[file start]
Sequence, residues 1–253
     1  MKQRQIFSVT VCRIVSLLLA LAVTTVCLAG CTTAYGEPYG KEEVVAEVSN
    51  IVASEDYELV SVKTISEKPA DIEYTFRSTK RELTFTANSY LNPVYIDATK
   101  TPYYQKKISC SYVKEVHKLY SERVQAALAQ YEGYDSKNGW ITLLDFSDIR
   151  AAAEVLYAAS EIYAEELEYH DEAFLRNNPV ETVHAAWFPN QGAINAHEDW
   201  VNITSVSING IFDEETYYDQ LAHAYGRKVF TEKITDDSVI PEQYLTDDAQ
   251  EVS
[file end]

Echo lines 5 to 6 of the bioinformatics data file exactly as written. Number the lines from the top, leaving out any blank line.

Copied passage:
   151  AAAEVLYAAS EIYAEELEYH DEAFLRNNPV ETVHAAWFPN QGAINAHEDW
   201  VNITSVSING IFDEETYYDQ LAHAYGRKVF TEKITDDSVI PEQYLTDDAQ